Temperatures Below 1°K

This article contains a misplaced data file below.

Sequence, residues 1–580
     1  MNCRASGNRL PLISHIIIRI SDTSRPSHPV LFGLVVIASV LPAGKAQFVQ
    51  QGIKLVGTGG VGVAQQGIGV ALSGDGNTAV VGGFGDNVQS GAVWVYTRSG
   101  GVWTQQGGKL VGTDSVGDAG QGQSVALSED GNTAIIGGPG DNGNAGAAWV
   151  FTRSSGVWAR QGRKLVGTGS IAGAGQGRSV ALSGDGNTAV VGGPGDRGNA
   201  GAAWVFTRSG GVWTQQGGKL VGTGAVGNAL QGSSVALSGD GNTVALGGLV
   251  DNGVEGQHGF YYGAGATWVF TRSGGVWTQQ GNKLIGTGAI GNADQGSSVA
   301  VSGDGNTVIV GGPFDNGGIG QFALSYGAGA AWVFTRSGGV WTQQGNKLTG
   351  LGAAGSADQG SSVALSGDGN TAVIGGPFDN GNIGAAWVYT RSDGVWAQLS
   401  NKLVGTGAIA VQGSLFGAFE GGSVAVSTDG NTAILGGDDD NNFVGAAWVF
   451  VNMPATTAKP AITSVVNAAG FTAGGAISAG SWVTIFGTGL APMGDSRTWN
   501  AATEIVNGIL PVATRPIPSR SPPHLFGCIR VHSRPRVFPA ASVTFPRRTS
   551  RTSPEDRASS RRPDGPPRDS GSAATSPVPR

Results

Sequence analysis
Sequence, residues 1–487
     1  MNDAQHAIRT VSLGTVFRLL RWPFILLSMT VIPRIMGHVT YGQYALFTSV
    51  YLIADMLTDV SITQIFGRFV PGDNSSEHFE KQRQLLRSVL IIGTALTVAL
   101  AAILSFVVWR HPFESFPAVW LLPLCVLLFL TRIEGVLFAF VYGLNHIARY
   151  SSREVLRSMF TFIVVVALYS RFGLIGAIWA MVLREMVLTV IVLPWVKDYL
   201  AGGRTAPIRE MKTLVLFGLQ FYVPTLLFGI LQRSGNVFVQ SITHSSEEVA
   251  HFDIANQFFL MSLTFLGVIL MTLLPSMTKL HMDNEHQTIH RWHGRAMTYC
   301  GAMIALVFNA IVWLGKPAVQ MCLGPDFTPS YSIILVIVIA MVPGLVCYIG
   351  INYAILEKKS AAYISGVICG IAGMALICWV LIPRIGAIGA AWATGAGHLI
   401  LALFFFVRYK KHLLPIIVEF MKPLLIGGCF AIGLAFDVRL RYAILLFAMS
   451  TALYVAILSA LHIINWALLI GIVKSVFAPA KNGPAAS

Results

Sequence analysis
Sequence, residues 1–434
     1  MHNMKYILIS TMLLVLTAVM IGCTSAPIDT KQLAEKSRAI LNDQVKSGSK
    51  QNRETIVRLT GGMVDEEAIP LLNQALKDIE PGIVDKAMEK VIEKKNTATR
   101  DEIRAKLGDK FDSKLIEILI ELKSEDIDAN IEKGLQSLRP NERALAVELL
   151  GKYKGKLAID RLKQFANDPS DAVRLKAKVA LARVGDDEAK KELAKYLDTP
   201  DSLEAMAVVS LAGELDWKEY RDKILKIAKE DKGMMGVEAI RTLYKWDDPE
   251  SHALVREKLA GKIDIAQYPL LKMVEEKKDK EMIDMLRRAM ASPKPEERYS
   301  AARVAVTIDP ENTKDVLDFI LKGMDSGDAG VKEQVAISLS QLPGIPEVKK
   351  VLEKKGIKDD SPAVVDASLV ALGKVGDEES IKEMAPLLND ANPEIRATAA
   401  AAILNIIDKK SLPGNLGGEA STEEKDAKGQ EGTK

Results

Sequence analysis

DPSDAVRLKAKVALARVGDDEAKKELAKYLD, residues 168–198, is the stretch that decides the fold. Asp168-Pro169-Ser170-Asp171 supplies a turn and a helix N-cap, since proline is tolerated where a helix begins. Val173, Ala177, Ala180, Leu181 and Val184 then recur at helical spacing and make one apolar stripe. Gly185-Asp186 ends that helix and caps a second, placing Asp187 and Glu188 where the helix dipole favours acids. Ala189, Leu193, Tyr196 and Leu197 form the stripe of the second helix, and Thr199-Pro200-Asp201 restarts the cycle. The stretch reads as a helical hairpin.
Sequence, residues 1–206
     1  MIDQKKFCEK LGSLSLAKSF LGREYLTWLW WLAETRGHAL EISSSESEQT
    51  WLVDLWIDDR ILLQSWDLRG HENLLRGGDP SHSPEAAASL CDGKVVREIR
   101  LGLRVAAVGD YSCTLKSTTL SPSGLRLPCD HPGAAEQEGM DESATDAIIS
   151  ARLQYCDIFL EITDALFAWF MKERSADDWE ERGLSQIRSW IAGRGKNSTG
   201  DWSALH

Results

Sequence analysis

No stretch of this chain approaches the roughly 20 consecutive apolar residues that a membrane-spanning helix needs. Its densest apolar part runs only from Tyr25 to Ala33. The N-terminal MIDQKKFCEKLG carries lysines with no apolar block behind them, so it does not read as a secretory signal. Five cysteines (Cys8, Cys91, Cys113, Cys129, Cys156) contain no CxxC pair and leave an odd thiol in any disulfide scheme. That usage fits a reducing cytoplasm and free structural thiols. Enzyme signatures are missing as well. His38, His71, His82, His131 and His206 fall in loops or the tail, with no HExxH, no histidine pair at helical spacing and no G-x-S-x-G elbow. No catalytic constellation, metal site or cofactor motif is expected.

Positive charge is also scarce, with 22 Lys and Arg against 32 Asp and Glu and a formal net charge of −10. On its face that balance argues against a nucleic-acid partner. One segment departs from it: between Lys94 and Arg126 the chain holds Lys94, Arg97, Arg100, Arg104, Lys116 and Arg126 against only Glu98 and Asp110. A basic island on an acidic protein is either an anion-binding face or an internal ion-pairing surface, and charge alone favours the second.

Until the rare, light helium isotope, He3, became easily available in the early 1950’s the expression “temperatures below 1°K” was frequently used as a synonym for “cooling by adiabatic demagnetization.” There was some justification for this. It is true that even He4 permitted the attainment of temperatures somewhat below 1°K-the lowest seems to have been about 0.7°K-but this was rather the exception and a glance at the literature shows that the bulk of experiments using liquid He4 stopped near 1°K and work below this temperature relied almost entirely on the magnetic cooling method. He3 with its lower boiling point and higher vapor pressure has changed all this since quite a few He3 cryostats now operate down to 0.25°K. These cryostats are thus within the scope of this discussion. However, they will be treated rather briefly for the following reasons.
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